Francesco Montelatici called Cecco Bravo
(Firenze 1601 – Innsbruck 1661)
Saint John The Evangelist
Oil on canvas, cm. 60 x 46
The subject depicted is Saint John The Evangelist carrying a chalice from which it comes from a snake. He’s portrayed while turning his head to the spectator into a dark background. This representation is taken from the “Legenda Aurea” of Jacopo Da Varagine. The story tells that Saint John, during his stay in Ephesus, refused to pray the pagan Goddess Artemis and as a punishment he was forced to drink a chalice of poisoned wine. Just before drinking he crossed himself and miraculously the poison turned into a snake and ran away from the chalice.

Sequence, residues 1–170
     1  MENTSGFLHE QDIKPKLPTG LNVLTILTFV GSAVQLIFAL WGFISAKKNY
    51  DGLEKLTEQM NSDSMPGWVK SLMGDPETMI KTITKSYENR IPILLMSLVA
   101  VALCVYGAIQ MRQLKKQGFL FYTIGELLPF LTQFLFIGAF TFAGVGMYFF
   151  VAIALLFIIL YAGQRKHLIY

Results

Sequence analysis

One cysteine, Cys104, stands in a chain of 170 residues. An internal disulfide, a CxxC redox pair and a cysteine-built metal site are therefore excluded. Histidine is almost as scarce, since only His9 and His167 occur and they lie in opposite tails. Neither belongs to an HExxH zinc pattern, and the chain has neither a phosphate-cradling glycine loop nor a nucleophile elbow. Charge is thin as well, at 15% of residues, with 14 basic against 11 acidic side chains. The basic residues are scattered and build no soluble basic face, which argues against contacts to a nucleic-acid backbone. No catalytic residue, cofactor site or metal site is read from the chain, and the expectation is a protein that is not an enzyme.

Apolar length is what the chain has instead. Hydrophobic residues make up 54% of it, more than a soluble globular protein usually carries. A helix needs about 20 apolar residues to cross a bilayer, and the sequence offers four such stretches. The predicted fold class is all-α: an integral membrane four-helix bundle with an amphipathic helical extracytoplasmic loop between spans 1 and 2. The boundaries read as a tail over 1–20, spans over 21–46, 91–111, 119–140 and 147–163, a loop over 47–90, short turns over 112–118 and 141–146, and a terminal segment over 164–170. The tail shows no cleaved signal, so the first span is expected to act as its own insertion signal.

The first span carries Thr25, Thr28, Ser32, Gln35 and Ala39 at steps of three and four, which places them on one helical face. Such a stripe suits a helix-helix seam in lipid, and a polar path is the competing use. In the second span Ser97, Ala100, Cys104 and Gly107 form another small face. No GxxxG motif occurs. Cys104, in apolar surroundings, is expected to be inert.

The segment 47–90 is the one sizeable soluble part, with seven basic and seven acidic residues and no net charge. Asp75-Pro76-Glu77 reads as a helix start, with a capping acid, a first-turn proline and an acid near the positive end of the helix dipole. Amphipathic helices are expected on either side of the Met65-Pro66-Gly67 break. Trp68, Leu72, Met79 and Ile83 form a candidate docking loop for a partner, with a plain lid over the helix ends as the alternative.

Cecco Bravo was a very original and peculiar artist active in Florence in the first part of the XVII century. He was the pupils of Giovanni Bilivert and Matteo Rosselli, but he developed an unique and eccentric style influenced even by North-Italian art, where he spent lots of time. He moved to Innsbruck, where he died, to work at the Court.
The painting can be ascribed to the early part of the life of the artist thanks to comparisons with other paintings of the same time (for example the “Seramide” in Prato or the “Virgin with Child” from private collection). His style can be recognized mostly in the marked but regular physiognomy of the saint, in the compact modelling and in the bright colors that remind of enamels.
Expertise from Professor Sandro Bellesi and Professor Giuseppe Cantelli.